Inspirational Tattoo artist Vinnie Myers boosts the confidence of breast cancer survivors by giving them back what they lost.
Working out of his Finksburg, MD studio, Myers gives women back the bodies they loved before surgery by tattooing special nipple designs on their lovely lady lumps. Myers, who started as a traditional tattoo artist while in the army, currently mixes a wide palette of paint to achieve a 3-D effect design of areolas. Too often, he says, women just get the basic, nothing too fancy but that does the job of bringing back color and livelihood to the area. The women he tattoos say that the process doesn’t hurt much since most sensation is lost during surgery.
The now-infamous Playboy image later re-appropriated by Shinji
For his project “Nipple,” the multimedia artist Shinji Murakami approaches female eroticism in an unexpected way, creating 8-bit images from photographs of Janet Jackson’s Superbowl “nip-slip,” Paris Hilton’s breast-baring bikini, and Kim Kardashian’s Playboy images. In constructing the pixilated images, the artist focuses solely on a tiny square area of each celebrity’s nipple.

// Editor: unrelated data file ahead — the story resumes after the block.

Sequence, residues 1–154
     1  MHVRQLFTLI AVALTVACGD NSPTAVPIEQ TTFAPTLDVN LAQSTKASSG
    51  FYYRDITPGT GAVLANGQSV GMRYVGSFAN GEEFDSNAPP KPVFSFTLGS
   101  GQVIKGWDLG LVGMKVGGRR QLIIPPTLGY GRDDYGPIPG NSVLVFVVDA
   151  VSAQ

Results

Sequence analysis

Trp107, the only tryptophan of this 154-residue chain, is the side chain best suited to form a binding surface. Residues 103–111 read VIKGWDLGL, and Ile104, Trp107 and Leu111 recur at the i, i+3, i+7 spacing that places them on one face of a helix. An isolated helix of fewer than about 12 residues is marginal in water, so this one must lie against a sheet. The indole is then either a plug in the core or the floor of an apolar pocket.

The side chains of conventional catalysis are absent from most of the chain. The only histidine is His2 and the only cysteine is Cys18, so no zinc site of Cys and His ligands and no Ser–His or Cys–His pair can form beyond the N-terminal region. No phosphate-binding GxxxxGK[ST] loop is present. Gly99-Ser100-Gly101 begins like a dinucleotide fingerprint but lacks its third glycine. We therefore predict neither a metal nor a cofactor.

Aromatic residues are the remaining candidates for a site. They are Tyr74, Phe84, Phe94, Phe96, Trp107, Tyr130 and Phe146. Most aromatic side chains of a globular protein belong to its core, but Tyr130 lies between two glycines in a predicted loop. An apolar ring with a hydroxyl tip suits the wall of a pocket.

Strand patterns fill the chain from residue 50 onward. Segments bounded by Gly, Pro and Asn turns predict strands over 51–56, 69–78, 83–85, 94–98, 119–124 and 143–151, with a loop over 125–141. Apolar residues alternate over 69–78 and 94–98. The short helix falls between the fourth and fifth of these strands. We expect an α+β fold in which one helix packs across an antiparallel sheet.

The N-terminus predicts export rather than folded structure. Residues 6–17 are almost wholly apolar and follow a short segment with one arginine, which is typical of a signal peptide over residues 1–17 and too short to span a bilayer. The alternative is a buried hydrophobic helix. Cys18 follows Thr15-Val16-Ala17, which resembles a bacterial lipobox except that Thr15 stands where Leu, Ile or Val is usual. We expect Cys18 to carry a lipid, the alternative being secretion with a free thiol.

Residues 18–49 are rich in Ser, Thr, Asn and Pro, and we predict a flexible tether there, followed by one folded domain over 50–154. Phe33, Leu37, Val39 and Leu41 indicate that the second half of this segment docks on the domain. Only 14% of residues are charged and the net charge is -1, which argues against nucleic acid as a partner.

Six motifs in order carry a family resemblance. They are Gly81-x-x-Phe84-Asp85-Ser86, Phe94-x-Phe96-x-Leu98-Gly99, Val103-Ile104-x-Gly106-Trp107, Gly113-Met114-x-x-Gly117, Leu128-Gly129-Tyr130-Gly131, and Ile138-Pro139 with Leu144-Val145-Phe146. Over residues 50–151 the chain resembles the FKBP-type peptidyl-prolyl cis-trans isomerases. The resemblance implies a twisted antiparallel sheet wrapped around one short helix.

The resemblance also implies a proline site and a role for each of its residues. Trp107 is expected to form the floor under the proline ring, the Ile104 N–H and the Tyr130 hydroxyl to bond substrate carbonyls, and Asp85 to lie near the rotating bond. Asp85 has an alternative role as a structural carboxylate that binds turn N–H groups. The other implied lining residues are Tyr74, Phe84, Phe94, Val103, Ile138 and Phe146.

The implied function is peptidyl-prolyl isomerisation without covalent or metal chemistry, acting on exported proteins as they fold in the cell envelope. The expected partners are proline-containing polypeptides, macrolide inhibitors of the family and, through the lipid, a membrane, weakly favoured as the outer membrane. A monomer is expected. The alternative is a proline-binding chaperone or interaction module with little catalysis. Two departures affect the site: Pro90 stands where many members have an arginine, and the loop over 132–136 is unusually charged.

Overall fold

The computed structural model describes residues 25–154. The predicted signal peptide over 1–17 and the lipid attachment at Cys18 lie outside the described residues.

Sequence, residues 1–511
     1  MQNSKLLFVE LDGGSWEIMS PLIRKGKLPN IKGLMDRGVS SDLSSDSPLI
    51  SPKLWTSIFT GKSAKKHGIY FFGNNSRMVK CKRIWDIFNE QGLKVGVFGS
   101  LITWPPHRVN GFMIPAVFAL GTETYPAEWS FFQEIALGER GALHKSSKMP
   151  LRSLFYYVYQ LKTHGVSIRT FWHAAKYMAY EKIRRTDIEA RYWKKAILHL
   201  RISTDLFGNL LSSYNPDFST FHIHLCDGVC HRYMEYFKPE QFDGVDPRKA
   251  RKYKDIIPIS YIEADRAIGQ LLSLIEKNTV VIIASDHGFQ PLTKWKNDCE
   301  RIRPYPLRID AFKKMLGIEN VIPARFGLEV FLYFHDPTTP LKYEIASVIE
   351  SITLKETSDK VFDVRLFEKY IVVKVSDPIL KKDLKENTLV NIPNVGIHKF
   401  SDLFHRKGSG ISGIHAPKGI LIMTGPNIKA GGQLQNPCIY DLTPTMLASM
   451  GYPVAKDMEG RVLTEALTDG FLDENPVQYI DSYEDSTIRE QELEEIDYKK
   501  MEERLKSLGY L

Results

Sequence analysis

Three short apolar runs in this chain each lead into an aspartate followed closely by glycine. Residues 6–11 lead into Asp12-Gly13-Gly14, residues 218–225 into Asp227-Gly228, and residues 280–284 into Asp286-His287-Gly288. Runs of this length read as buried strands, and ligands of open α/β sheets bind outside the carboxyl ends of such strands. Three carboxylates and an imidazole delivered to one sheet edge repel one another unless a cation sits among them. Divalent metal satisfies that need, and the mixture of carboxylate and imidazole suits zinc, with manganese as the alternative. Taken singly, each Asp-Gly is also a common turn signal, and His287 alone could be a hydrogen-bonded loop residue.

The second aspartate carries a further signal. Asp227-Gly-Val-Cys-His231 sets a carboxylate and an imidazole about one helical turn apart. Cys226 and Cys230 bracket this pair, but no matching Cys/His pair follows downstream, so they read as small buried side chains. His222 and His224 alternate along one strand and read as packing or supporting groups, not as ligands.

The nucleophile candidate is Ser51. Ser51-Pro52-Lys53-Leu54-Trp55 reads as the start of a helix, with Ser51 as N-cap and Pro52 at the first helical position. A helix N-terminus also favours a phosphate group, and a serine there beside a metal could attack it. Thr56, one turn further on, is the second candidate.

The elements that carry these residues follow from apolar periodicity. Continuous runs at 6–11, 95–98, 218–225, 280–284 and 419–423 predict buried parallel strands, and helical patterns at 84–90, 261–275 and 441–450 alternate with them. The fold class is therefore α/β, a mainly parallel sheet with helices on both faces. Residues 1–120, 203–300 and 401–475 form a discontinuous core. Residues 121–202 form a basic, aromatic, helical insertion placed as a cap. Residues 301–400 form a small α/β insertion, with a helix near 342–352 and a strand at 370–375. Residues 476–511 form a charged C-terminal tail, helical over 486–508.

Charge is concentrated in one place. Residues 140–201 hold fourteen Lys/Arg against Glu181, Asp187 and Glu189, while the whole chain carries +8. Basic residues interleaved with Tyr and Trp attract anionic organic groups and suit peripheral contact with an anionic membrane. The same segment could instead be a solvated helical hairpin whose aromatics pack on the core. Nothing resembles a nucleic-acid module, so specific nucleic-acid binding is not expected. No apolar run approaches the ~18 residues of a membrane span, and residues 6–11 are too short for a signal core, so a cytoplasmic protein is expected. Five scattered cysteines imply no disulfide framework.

In bringing the erogenous zone into the digital age, Shinji paradoxically desexualizes this part of the female body; while the original images are intended to be or considered to arousing, the blown-up nipple’s abstract, geometric pixel patterns inspire no erotic response. In this way, the work might be seen as a brutal reminder that, try as it might, digital media cannot stand in for true sexual intimacy.
Or perhaps “Nipple” is an unsettling prophecy: as we rely more upon technology, this series represents a more modern “sexy.” Erotic images of women’s bodies are becoming more accessible and more mass-produced; the video game industry, whose advanced technology serves as Shinji’s inspiration, has been criticized for its objectification of women. “Nipple” is that idea taken to the extreme; in these works, these female subjects are reduced to a single body part, and in turn, that body part is pixelated and transformed into an utterly dehumanized abstraction.
That is not to say that the images don’t contain beauty; in fact, the simplicity of their geometric form spotlights lovely hues. Each woman’s flesh becomes a digital tapestry of unexpected color variances. Like a modern take on the work of French Impressionists, “Nipple” precisely examines and deconstructs its subjects into tiny sections; here, in the place of a heavy brushstroke, is a pixel. What do you think of this conceptual take on the cultural connotations of the female body? Is it offensive or refreshing?